Two years ago I became a mother, reaching a mile marker in womanhood that set me apart from other personal trainers who had not experienced the challenges of pregnancy or postpregnancy body woes. I found out just what it took to make healthy decisions every day. With each trimester, I learned new ways to cope with ever-changing levels of energy, hunger, motivation and, most of all, hormones.
What makes us weaken with age? The prime culprit is sarcopenia—age-related loss of muscle mass, strength, power and function (Sayer et al. 2013; Morley 2012). Morley (2012) says 5%–13% of 60- to 70-year-olds and 11%–50% of people in their 80s have sarcopenia, which means “poverty of flesh.”
As obesity continues to maintain a stranglehold on the teenage population, experts search for solutions to the potentially fatal disease. When it comes to exercise, a combination of cardiovascular and strength training is best, according to researchers from São Paulo.
In honor of Men's Health Month we have put together IDEA's top articles related to men's health. Learn how vigorous exercise can help men protect their hearts, why offering male-only weight loss programs is important and why middle-aged men should be extra wary of their cholesterol levels.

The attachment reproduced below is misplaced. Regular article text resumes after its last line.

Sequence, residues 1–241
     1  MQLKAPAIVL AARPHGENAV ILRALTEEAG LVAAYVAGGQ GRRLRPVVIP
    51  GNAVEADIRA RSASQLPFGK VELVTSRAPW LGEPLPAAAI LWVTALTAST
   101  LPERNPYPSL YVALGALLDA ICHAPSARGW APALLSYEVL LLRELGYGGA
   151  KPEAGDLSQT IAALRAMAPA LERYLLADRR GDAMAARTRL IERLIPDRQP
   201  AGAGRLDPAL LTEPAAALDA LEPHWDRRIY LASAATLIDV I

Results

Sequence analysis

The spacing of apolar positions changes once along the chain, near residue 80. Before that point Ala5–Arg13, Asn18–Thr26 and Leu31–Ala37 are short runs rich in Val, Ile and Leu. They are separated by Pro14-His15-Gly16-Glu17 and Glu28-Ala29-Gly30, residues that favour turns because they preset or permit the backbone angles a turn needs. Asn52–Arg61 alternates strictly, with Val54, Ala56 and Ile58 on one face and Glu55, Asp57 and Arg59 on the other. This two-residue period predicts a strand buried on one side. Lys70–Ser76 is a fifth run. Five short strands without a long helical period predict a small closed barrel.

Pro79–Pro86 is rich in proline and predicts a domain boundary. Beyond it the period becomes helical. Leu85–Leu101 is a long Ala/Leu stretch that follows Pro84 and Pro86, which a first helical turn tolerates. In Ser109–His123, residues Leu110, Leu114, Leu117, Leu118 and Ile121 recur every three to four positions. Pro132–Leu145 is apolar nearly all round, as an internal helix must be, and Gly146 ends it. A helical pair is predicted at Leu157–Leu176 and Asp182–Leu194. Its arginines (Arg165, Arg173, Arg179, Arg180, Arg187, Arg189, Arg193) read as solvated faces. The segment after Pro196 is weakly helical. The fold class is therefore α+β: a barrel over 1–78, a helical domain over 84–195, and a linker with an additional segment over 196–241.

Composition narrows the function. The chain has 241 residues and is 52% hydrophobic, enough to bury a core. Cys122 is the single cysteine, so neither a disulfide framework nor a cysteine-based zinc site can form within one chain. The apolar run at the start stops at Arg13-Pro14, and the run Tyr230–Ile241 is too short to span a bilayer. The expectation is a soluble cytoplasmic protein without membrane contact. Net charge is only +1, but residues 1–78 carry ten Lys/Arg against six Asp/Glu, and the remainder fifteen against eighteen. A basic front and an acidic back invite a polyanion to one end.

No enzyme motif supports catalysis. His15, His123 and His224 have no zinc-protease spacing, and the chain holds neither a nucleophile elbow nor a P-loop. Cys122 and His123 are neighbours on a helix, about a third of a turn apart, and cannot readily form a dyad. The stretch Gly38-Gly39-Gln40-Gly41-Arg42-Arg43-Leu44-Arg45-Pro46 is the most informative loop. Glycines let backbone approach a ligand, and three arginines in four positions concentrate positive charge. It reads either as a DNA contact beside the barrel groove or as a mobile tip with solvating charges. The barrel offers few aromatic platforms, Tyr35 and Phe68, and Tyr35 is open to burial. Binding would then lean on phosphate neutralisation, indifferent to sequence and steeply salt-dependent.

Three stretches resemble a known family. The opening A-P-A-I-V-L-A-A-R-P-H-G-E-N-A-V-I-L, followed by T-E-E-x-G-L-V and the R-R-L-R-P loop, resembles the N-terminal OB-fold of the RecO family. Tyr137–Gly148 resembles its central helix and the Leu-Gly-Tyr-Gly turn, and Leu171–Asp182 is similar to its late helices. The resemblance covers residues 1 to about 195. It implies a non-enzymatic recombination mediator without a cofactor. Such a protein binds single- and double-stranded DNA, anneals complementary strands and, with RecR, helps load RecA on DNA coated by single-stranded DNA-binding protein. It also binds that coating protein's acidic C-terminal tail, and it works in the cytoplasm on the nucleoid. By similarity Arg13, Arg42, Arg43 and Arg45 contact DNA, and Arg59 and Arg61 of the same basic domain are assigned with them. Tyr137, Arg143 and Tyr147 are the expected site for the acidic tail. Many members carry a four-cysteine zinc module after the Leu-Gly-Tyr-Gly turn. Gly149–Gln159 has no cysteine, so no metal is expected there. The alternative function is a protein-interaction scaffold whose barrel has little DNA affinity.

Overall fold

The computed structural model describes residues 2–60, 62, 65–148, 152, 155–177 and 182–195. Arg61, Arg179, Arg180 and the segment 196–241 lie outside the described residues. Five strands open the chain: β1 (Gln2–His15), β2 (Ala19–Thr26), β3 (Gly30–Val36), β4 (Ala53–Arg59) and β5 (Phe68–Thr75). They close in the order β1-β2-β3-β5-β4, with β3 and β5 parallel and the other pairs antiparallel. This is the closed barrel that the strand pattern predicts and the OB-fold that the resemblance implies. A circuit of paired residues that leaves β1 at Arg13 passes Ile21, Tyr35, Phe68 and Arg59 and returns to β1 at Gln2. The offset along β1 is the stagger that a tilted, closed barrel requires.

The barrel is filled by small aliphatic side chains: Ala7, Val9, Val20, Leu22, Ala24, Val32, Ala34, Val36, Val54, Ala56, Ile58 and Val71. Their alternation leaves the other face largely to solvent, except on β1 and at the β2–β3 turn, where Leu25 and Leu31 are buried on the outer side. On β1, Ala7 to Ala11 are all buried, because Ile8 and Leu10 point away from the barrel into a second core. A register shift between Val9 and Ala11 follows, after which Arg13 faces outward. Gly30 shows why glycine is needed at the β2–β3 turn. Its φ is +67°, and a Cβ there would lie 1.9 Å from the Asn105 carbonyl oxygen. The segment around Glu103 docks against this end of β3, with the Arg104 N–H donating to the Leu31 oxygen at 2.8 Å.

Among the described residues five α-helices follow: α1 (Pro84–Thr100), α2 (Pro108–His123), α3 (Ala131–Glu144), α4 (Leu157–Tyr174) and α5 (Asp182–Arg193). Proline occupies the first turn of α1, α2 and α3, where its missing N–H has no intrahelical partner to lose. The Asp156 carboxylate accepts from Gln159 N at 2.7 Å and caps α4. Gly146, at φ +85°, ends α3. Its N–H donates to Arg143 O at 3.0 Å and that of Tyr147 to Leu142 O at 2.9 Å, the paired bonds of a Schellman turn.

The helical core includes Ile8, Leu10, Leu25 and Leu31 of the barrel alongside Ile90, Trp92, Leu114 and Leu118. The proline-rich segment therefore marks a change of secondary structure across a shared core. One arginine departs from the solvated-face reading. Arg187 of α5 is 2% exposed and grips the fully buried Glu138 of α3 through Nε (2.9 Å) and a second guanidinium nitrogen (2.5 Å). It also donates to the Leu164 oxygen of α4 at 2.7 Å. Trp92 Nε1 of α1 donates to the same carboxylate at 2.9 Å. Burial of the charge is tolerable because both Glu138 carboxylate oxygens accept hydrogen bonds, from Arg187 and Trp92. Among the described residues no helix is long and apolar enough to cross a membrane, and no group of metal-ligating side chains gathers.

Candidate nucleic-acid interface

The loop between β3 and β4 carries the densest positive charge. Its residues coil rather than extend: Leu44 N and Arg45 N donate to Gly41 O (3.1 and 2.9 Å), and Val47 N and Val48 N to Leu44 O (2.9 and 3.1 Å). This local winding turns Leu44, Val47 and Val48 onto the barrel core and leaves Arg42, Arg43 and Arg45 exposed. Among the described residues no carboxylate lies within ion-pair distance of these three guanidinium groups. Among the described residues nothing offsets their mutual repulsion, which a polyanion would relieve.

3 Hours Of Exercise Per Week Cuts Men’s Heart Health Risk
Speak with enough personal trainers at the start of their careers and you’ll quickly notice a common aspiration: They want to train professional athletes. Of course it’s fine to dream big, but it’s important to remember that professional athletes are extremely rare individuals. Consequently, pro athletes are neither as numerous nor as varied in age, gender or ability as everyday adult athletes.
According to a report from the British Medical Journal (2012; 344; doi: http://dx.doi.org/10.1136/bmj/e2672), 25%–74% of the world’s 50 million stroke survivors require assistance or are fully dependent on caregivers. To gain more physical independence, many seek help from physical therapists. That same report suggests circuit training can be a successful alternative to physical therapy.
Many young athletes dream of earning a scholarship to play their sport of choice at a reputable college or university. To realize that dream, they will often train extensively. Recent research found that hard training while young may lead to significant physical problems later in life.
About 10 years ago, the CDC and the arthritis Foundation launched the national arthritis action Plan: a Public health strategy. This collaboration resulted in a landmark document with a consensus of lifestyle and exercise guidelines for people who suffer from chronic arthritis. here is a synthesis of the physical activity recommendations:
Driving isn’t a sport for most of us, yet it does require strength, motor skill, joint mobility and fast reaction time. Chances are you aren’t offering functional exercise training for “driving skills,” but if you work with a senior population, you should be.